T.S. Nguyen and A.P.S. Selvadurai, “Modelling of Thermal Consolidation of Sparsely Fractured Rock in the Context of Nuclear Waste Management” (Mechanics of PoroelasticMedia, A.P.S. Selvadurai, Ed., Proceedings of the Specialty Conference on Recent Developments in Poroelasticity, Kluwer Academic Publishers, The Netherlands, 1996) pp. 159-180.

    Return to footnote 15 referrer

    Footnote 16

    T.S. Nguyen and A.P.S. Selvadurai, “Coupled Thermal-Mechanical-Hydrological Behaviour of Sparsely Fractured Rock: Implications for Nuclear Fuel Waste Disposal” (International Journal of Rock Mechanics and Mining Sciences and Geomechanics Abstracts, 1995), Vol. 32, pp. 465-479.

    Return to footnote 16 referrer

    Footnote 17

    A.P.S. Selvadurai and T.S. Nguyen, “Computational Modelling of Isothermal Consolidation of Fractured Porous Media” (Computers and Geotechnics, 1995) Vol. 17, pp. 39-73.

    Return to footnote 17 referrer

    Footnote 18

    T.S. Nguyen and A.P.S. Selvadurai, “Thermo-Poroelastic Response of a Fractured Geological Medium” (IACMAG ‛94, Proceedings of the 8th International Conference of the International Association of Computer Methods and Advances in Geomechanics, H.J. Siriwardane and M.M. Zaman, Eds., Morgantown, W.Va., A.A. Balkema, The Netherlands, 1994) Vol. II, pp. 1615-1620.

    Return to footnote 18 referrer

    Footnote 19

    A.P.S. Selvadurai and T.S. Nguyen, “Coupled Thermal-Hydrological-Mechanical Processes in Geological Media” (Proceedings International Conference on Computational Methods in Structural and Geotechnical Engineering, P.K.K. Lee, Ed., Hong Kong, 1994) pp. 1528-1533.

    Return to footnote 19 referrer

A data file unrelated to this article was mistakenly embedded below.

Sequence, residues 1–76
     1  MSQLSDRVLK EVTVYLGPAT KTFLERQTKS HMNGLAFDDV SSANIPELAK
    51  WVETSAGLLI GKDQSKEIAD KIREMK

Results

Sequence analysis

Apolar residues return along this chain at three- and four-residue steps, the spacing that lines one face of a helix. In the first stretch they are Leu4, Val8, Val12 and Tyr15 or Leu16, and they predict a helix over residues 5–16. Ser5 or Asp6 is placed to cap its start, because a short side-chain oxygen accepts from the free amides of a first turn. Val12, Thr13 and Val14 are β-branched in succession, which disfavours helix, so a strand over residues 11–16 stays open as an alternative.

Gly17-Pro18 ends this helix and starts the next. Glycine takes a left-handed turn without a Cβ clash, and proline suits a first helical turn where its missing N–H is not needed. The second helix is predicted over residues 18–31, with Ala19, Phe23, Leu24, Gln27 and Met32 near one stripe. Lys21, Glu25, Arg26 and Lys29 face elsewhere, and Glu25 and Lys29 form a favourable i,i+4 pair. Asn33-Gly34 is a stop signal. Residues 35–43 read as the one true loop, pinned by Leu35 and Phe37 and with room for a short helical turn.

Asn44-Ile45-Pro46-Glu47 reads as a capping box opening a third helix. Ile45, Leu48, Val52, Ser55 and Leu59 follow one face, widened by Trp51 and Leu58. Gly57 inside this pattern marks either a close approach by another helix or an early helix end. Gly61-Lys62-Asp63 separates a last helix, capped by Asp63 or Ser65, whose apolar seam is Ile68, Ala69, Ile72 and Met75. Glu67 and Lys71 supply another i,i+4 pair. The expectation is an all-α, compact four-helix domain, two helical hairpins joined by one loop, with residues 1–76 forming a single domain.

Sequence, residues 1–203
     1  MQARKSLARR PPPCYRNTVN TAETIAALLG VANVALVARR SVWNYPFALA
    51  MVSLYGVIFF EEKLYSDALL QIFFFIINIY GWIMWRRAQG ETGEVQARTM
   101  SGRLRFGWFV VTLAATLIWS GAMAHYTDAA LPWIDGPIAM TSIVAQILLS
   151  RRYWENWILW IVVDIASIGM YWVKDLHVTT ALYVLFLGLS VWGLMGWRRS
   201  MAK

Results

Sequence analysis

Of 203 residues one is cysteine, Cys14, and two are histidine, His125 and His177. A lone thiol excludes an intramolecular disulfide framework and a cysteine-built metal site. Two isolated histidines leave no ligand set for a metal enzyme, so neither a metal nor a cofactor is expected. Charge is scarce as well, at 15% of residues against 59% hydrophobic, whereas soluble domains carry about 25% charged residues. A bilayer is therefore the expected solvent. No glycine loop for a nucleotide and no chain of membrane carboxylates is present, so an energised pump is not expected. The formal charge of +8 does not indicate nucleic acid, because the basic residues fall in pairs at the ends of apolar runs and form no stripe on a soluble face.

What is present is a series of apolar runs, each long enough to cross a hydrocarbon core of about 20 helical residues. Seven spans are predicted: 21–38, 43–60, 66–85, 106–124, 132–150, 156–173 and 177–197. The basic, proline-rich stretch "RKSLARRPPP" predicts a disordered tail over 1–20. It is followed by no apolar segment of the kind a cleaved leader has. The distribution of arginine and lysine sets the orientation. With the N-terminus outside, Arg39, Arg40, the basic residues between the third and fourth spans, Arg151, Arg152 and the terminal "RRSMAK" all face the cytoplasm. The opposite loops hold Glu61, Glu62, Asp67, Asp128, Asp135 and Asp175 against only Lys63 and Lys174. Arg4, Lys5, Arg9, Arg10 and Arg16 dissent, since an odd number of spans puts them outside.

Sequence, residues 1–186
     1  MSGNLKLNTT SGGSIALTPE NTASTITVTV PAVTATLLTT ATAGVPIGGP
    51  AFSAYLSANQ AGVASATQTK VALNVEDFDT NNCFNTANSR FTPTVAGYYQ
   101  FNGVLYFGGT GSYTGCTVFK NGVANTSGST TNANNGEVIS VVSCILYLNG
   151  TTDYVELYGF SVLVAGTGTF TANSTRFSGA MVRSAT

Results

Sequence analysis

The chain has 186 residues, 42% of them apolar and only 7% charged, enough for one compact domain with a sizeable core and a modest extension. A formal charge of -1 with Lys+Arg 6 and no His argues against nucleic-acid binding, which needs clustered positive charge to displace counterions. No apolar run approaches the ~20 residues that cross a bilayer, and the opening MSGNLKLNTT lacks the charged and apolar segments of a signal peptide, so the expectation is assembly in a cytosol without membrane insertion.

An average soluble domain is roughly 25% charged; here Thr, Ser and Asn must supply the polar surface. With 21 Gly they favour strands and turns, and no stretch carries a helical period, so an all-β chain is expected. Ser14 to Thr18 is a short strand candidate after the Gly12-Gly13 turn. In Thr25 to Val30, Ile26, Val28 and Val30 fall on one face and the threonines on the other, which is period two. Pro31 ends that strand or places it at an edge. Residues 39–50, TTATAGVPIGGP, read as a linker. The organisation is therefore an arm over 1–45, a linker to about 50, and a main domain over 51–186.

Footnote 20

    A.P.S. Selvadurai and T.S. Nguyen, “Finite Element Modelling of Consolidation of Fractured Porous Media” (Proceedings of the 46th Canadian Geotechnical Conference, Saskatoon, Saskatchewan, 1993), pp. 361-370.

    Return to footnote 20 referrer

    Footnote 21

    T.S. Nguyen, V. Poliscuk and A.P.S. Selvadurai, “Effects of Glaciation on a Nuclear Fuel Waste Repository” (Proceedings of the 46th Canadian Geotechnical Conference, Saskatoon, Saskatchewan, 1993), pp. 79-88.

    Return to footnote 21 referrer

    Footnote 22

    T.S. Nguyen and V. Poliscuk, “Seismic Effects on a Nuclear Fuel Waste Repository” (45th Canadian Geotechnical Conference, 1992).

    Return to footnote 22 referrer

    Footnote 23

    Atomic Energy Control Board (AECB), AECB Staff Response to the Environmental Impact Statement on the Concept of Canada's Nuclear Fuel Waste (Atomic Energy Control Board Report, 1995, INFO-0585-1).

    Return to footnote 23 referrer

    Footnote 24

    D.J. Bottomley, L.H. Chan, A. Katz, A. Starinsky and I.D. Clark, Lithium Isotope Geochemistry and Origin of Canadian Shield Brines (Groundwater, 2003) Vol. 41, No. 6, pp. 847-856.

    Return to footnote 24 referrer

    Footnote 25